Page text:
Last week the Ash Center at the Harvard Kennedy School hosted an online meeting that brought together more than 20 senior officials from America's largest cities and Professor Marc Lipsitch, director of the Center for Communicable Disease Dynamics at the Harvard T.H. Chan School of Public Health, to help frame out facts and options in dealing with the novel coronavirus pandemic, a situation that none of the participants has experienced before.
The exchange raised complex new questions and at the same time highlighted the extraordinary importance of mayors, as well as those who hold corresponding elected positions in county government, who must make painful decisions while accomplishing the seemingly inconsistent goals of communicating bad news in a way that inspires confidence.
Mayors must ask their residents to sacrifice before the full potential horror of the COVID-19 pandemic becomes visible; if these efforts are successful, residents may never appreciate the full scope of the avoided pain. Elected officials must make decisions that will cause residents to lose wages and small business owners to potentially shut down amid the cascading economic impacts of public service disruptions, program shutdowns and canceled events. If not communicated clearly and in a way that overcomes confusion in the national message, this call to action could create a sense of government inflicting pain needlessly rather than responding prudently to a serious public health emergency.
The spread of the virus highlights one of a senior elected official's most important roles: calling the public to action to respond to a crisis. Officials who understand the importance of this role take actions on a daily basis that build trust and their capacity to rally the public. They do this through the ongoing transparency, clarity and accuracy of their messages. And they do this by seeing that essential services continue to be delivered, displaying their jurisdictions' resiliency and dependability in times of hurricanes, floods or pandemics.
The importance of calling the public to action is critical as we move from a mindset that we can contain the pandemic and impose sacrifice on only those who are ill to the concept that the only way to mitigate it is through everyone sacrificing a bit. The need for social distancing will stress the daily order of communities as never before. Leadership in this situation includes listening carefully to local and national public health experts, weighing the harms that will result from certain actions, and then acting quickly and decisively. It's the mitigation of the mitigation that takes creativity: school lunches for children no longer in school, child care for single-parent health-care workers and much more.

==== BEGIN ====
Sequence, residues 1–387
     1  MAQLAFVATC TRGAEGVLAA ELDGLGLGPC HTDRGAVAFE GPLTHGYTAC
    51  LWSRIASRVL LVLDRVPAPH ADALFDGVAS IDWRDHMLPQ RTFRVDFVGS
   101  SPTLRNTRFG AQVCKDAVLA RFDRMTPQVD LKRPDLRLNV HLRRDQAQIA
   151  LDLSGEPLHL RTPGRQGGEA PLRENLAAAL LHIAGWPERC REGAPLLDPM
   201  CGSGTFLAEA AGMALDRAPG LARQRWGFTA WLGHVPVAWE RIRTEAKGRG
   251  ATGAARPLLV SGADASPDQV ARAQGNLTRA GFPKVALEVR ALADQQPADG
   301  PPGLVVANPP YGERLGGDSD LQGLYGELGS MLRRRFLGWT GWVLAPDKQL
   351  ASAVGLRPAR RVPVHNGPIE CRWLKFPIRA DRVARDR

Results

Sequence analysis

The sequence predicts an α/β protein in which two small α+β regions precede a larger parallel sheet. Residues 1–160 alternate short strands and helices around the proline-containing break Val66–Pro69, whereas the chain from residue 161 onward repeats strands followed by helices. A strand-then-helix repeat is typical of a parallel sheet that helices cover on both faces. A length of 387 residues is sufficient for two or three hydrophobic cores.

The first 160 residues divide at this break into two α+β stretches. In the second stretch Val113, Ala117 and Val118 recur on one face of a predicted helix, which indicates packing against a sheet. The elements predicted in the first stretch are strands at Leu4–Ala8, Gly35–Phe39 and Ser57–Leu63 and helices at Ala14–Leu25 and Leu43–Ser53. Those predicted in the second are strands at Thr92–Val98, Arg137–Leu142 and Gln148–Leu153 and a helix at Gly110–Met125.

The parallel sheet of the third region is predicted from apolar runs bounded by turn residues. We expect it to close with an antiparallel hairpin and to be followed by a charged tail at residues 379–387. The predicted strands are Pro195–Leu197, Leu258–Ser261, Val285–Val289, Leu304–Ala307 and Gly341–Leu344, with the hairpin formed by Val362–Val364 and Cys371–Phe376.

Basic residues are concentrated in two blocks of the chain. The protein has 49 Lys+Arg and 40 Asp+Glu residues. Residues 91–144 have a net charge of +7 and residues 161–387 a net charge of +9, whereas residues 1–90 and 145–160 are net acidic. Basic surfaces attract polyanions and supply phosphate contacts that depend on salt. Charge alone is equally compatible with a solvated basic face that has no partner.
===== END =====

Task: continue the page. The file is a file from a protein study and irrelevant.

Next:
Lipsitch referred us to an event from history that showed the difference that courageous leadership can make: the stark comparison between the way Philadelphia and St. Louis handled the 1918 influenza pandemic. Philadelphia failed to cancel important events, including a massive war-bonds parade, and suffered five times the number of flu deaths as St. Louis, which took strong social distancing steps much earlier.
Which brings us to another tenet of effective local leadership in an emergency, the need to stretch and overcome bureaucratic rules that strangle and slow everyday decision-making. I remember the first time I heard Mitch Weiss, now a professor at Harvard Business School but who at the time of the Boston Marathon bombing in 2013 was chief of staff to Mayor Thomas Menino, describe proudly how many rules he broke to get a fund set up to help those hurt by the explosions. Mayors have emergency authority much broader than many might realize, and they should use it.
The effective use of emergency powers has been a hallmark of the response to the current pandemic in Seattle, one of the country's hottest spots for the coronavirus. Fortunately, Seattle's local government is one with extraordinary capacity. Deputy Mayor Michael Fong catalogues the tough issues officials are wrestling with, such as whether to impose a moratorium on residential evictions at a time of isolation and quarantine; how to stand up financial assistance programs for struggling small businesses and their workers; and what to do about isolation and depression among older adults who can no longer congregate for meals and activities in senior centers.
"I think the most critical lesson is the willingness to move quickly and take decisive action without the typical deliberative government process," Fong says. "There is no time to study an issue or pilot a program or do community engagement. The time to act was yesterday, and mayors are on the front lines where their decisions could save lives."
Make no mistake: Cities need federal help — dollars, public health expertise, technical support such as test kits, and more. But mayors who meet the challenge of rallying the public when the virus's full harm is not yet evident, who know which rules they can break, and who are prepared to move against their normal goals of promoting civic events and economic activity will see the payoff as the pandemic subsides. Their cities will come out of this crisis more like St. Louis and less like Philadelphia a century ago.
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